“In these unsettled times, people need to have confidence in their local police.
“It is clear that privatisation will damage that trust, jeopardising years of work spent in building a more positive relationship between local communities and the police.”
He continued: “The Government has to listen to voters - to the public, who do not want their local police services to be sold off to profit-making private companies.
“As cuts intensify – and there is every reason to believe that they will - the case against privatisation grows only stronger.
“Once private companies take out their profits – as they are obliged to do by their shareholders – the pot of money left to pay for local policing will shrink, leaving the public with a poorer police service.”
UNISON has said that “vital operational functions” such as 999 call handling, crime investigation and forensic work could be among the areas of work turned over by the police to private companies.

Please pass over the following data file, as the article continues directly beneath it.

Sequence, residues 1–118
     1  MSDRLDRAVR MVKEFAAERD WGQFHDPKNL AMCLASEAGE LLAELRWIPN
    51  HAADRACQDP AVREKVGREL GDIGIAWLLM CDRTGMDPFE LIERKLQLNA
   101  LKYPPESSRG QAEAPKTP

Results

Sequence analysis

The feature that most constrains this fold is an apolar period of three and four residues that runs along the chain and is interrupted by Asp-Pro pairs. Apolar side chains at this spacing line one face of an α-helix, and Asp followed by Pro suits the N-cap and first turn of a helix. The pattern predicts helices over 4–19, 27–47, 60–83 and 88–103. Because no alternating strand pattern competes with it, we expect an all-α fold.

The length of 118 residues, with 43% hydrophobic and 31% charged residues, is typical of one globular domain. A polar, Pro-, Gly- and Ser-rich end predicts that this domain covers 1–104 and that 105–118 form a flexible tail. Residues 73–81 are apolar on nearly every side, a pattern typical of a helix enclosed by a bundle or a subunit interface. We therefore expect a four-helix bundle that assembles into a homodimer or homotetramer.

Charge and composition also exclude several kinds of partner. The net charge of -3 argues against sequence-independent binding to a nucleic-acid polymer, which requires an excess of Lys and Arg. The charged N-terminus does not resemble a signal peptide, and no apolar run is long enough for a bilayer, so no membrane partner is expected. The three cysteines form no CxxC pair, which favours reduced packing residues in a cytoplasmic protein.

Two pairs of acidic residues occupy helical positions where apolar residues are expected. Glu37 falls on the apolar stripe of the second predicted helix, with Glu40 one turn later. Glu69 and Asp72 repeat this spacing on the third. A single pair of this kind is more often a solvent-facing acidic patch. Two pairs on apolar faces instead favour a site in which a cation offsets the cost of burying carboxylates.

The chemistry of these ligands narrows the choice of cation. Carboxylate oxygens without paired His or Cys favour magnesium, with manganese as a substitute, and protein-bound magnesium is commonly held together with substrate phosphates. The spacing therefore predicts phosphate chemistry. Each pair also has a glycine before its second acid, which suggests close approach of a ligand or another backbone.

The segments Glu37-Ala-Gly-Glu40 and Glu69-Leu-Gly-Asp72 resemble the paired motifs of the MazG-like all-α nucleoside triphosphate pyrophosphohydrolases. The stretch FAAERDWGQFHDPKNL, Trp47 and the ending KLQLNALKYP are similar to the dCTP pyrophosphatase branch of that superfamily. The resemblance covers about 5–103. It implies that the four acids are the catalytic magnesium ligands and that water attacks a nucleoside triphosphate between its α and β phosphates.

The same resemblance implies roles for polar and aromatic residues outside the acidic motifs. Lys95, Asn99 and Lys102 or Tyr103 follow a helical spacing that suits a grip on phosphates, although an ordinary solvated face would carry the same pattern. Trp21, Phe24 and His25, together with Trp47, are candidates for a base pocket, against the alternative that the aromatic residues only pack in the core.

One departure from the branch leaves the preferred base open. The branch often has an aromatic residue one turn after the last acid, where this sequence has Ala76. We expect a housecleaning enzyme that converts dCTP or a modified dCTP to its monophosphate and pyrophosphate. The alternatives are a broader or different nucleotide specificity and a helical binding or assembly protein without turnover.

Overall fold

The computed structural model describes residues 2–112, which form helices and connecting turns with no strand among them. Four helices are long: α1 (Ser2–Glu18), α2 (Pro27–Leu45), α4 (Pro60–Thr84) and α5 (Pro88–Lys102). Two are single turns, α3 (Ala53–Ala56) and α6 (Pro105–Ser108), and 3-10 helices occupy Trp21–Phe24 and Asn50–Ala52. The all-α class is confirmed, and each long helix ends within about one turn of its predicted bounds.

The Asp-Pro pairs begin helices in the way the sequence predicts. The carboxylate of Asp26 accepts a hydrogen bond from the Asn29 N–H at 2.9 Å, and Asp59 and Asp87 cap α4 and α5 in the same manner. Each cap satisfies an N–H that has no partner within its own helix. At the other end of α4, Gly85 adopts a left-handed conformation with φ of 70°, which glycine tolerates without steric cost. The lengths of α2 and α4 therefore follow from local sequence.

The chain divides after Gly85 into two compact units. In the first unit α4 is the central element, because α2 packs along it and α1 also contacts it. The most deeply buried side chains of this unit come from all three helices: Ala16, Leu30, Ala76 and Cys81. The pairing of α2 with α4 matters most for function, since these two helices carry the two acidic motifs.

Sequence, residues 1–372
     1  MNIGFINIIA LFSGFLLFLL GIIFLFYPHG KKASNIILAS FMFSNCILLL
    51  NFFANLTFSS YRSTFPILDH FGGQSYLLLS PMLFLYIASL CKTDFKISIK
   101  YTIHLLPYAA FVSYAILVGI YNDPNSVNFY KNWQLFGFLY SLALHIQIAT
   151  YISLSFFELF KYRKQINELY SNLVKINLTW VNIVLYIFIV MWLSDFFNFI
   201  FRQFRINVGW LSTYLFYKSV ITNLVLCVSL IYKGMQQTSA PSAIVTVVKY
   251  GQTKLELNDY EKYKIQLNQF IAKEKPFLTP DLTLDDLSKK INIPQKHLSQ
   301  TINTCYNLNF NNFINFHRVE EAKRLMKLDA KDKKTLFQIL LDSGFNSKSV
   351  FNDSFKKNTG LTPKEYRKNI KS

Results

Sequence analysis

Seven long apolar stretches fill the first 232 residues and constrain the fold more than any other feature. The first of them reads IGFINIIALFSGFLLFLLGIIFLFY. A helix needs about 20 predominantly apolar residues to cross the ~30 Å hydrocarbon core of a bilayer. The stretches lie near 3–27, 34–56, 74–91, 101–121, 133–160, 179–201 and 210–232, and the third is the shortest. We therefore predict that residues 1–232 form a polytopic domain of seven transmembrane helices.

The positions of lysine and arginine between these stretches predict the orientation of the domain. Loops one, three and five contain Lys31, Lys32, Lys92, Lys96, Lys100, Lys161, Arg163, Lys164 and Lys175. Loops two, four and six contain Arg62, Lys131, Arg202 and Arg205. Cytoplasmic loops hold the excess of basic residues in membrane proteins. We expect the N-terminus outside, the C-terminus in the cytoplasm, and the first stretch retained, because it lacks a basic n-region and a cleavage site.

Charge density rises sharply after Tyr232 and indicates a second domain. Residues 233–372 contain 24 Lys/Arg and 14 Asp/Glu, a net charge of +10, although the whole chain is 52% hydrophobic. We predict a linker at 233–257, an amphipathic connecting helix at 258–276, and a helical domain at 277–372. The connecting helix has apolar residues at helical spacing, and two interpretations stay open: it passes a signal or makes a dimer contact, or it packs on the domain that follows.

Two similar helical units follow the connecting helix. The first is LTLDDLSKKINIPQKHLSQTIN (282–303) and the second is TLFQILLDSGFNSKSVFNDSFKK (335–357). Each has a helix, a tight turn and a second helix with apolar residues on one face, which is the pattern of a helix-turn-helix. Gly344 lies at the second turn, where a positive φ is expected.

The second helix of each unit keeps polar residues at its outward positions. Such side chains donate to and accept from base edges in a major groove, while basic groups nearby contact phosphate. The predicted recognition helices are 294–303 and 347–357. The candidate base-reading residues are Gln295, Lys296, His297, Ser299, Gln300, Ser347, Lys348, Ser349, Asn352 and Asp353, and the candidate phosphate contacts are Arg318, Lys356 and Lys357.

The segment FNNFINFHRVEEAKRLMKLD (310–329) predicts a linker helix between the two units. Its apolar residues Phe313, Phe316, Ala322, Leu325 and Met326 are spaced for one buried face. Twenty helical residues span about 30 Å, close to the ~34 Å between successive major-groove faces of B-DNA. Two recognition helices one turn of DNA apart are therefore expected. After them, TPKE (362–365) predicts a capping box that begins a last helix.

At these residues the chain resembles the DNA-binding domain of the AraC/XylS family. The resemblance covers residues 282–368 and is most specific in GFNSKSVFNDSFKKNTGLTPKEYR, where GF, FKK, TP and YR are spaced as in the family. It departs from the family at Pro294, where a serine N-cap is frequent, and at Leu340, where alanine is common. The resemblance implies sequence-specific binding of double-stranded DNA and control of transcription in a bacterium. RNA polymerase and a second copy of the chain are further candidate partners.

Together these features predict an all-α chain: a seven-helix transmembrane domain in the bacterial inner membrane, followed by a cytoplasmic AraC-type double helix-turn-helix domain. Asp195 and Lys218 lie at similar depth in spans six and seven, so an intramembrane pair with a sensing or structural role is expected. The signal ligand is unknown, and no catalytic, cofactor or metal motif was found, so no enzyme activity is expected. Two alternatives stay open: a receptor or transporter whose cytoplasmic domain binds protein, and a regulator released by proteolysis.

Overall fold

However, Surrey Police has said if the team-up with the private sector does go ahead, it will concern some non-front-line back-office areas of its work.
Surrey Police and the Surrey Police Authority (SPA) moved to the next stage of their controversial proposal earlier this month.
The Force, which is exploring the possibility with the West Midlands Police Force to make big savings, announced the bidding companies selected as part of the process, called the business partnering for police programme (BPP).